This week saw more coverage and fallout from the CrowdStreet Nightingale saga. We also saw a world record sale, a new platform launch, and a bunch of other small news.
If you missed the details of the CrowStreet saga, take a look at last week’s roundup. In short, $63M appears to have been misappropriated by a sponsor that raised on the platform.
This story has continued to develop. A piece by The Wall Street Journal, provides more details, including news that CrowdStreet will be receiving a new CEO.
The piece cites two red flags that should have been picked up by the platform. The first is Nightingale’s omission of performance results from two deals that went badly. This provided a skewed view of their track record to investors. The second was an arbitration clause requiring disputes be handled through a rabbinical court.
Arbitration clauses are pretty normal though, right? Well, the real kicker is the rabbinical court part. They’re unique to Israel’s legal system and are a religious court. That’s not something you’d generally expect to find in a real estate deal for office buildings in Atlanta or Miami.
The WSJ also went on to further review 104 other deals offered on the platform, finding:
- More than 50% of deals did not meet projected returns.
- Investors lost ~$34M on 19 underperforming deals
- 12 deals lost ~100% of investors’ principal contributions
- 20 deals meaningfully outperformed
- It’s still too early to know how hundreds of others will pan out
- If developers encountered shortfalls, they required investors to contribute more – or risk losing investments. One example includes a $45M project needing another ~$32.5M after the deal closed to complete the project.
- CrowdStreet facilitated a raise for a firm that lied to investors, the SEC, and the Justice Department. Their CEO was found guilty of fraud for the fundraising and sentenced to prison.
There’s also another case of fraud documented. In 2018, a company called MG Capital raised $35M for a real estate fund ($1.8M from CrowdStreet investors) alleging strong historical performance.
In 2021 the SEC and Justice Department charged them with securities fraud based on falsified reports. These reports hid meaningful losses and also entirely made up the presence of a previous fund. CrowdStreet investors lost about $1.2M to the fraud.
There’s more information in the article and the entire thing is worth a read.
Investors in an unboxed iPod on Rally had a wild couple of weeks.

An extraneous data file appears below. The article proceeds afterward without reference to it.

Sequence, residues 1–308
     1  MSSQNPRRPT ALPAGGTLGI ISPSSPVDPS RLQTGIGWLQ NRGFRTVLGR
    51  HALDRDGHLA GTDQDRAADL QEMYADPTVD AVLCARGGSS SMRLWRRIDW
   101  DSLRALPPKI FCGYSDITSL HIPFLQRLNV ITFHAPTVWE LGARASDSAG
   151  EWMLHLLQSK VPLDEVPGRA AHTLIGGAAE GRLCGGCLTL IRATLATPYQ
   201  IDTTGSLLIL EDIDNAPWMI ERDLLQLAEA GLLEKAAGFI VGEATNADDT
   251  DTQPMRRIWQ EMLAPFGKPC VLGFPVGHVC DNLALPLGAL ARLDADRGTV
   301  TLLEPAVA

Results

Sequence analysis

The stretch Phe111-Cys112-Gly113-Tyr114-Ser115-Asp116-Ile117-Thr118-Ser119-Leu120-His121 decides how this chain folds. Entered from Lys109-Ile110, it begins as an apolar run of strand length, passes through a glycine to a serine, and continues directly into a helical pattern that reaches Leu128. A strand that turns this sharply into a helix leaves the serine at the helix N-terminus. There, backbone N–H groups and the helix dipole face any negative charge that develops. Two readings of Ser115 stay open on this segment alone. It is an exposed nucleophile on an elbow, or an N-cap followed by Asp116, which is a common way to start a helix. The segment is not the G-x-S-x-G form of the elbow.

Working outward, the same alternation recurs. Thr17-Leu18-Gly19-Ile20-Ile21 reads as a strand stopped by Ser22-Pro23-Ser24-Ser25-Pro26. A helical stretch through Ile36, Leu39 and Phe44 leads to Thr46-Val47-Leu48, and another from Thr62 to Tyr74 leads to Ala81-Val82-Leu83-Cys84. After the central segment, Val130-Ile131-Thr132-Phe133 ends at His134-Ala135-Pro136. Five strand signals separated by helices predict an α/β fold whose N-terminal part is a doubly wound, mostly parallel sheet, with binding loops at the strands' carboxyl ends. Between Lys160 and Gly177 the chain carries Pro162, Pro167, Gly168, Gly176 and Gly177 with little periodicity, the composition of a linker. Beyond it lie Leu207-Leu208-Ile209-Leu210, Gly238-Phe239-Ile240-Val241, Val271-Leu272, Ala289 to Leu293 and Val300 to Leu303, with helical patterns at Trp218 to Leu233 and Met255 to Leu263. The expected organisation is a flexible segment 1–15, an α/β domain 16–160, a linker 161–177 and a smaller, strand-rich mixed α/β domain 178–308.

On July 27th, they received a buyout offer for the asset. The offer would have been a 10.4% net return since the last trade, but only a 1.6% net return since IPO. It was a close vote, but appears to have ultimately failed.
That turned out to be the right decision. On July 31st, investors received a higher offer. This time for $29K, 11.2% net return since IPO, and a world record sale price for a first generation iPod. This time, the vote was approved.
Europe has a new NFT-based music royalty investing platform. MasterExchange announced their official launch this week. The platform seems similar to Royal. There is a “Investment License Agreement” for a share of the royalties. That is broken down into shares which are represented by an NFT.
We’re not sure when it happened, but Royalty Exchange has done some UI updates. This is mostly seen on the listings pages. Other than the updated look, we think the listings are ultimately a little bit easier to navigate.
Arrived hit another milestone this week. Announced in email and on Twitter, there has been over $100M invested on Arrived. They also note that makes Arrived the fastest growing real estate crowdfunding platform of all time.
To be somewhat fair to other platforms, companies like Fundrise helped pave the way for real estate crowdfunding. So Arrive’s rapid growth is, in part, thanks to some of the grinding and slower growth of their predecessors.
CNBC Top 200 Fintech Companies
CNBC has released their list of the top 200 fintech companies. Here are some names that we recognized from this list:
- Alternate financing
- Realty Mogul
- Alternate lending
- Honeycomb Credit
There was not a category for alternative investments in general. It’s interesting to see the names that did and did not make the list. In particular, the choice to include SeedInvest after they were acquired is a bit strange to us.
ANote Music recently announced on Twitter that their first K-pop catalog would be coming to the platform on August 23rd. This has been a popular genre in recent years, so we’re curious to see what the catalog valuation looks like.
In a Tweet that is equal parts interesting and unclear, ARTSPLIT appears to have announced the “splituniverse.”
They list art, music, movie, pub, and prop splits in the photo. However, there are no mentions of Movie, Pub, or Prop on their website that we can find. A Google search for “MovieSplit” only returns a 2016 M. Night Shyamalan film (“Split”) which IMDB users say is actually pretty OK.
So, in the end, it’s not entirely clear to us what this announcement is. If it’s for a unified platform for investing in Art, Music, Real Estate, as well as Movies and “Pub” that’s pretty exciting!